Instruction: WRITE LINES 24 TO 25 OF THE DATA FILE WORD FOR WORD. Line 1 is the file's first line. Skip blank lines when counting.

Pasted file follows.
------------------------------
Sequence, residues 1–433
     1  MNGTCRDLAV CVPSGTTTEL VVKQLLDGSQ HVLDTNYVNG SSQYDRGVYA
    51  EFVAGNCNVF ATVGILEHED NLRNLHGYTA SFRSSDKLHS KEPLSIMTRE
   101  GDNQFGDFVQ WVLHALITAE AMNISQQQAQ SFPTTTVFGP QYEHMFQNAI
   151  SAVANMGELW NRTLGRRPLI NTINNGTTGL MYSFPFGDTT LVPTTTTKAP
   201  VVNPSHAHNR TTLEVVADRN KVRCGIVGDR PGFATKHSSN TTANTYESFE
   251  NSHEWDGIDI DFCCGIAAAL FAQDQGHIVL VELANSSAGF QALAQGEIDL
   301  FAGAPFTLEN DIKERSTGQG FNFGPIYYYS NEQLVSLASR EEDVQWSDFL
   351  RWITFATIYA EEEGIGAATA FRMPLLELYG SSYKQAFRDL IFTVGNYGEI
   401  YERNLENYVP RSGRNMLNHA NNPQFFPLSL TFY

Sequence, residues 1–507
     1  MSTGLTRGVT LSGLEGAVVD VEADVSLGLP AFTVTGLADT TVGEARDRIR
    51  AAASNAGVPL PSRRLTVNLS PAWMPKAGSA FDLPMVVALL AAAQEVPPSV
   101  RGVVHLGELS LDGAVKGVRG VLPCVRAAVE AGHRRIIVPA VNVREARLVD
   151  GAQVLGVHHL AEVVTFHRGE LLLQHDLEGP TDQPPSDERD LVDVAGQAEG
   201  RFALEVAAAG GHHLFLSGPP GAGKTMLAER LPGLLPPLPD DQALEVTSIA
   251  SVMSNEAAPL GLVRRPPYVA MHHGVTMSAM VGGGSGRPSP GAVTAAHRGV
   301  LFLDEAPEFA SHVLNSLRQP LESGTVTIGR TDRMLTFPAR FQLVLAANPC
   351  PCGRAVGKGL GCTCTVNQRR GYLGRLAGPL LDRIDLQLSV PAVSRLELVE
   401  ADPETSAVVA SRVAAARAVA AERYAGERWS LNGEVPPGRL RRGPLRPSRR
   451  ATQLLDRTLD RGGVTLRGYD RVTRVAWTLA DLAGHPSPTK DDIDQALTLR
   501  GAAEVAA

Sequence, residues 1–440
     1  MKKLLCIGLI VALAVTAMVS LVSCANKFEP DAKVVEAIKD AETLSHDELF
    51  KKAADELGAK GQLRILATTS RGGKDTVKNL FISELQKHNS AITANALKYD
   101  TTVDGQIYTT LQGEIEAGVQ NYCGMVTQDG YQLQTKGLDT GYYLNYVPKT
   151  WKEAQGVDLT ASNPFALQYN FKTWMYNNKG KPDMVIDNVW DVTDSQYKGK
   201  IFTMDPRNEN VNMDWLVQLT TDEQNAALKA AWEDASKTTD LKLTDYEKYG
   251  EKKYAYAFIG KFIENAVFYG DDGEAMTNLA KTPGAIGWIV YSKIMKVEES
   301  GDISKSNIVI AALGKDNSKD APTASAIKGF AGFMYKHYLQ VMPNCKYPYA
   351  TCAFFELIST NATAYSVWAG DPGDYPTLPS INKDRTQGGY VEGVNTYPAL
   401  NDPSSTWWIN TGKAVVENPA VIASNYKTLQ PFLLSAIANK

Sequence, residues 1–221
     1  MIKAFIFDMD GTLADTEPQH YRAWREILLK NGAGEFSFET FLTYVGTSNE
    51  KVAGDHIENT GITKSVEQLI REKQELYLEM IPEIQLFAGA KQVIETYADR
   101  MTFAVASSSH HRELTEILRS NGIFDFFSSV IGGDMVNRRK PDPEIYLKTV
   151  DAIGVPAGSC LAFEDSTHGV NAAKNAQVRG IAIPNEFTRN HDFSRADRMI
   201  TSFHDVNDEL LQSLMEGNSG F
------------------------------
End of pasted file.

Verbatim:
     1  MKKLLCIGLI VALAVTAMVS LVSCANKFEP DAKVVEAIKD AETLSHDELF
    51  KKAADELGAK GQLRILATTS RGGKDTVKNL FISELQKHNS AITANALKYD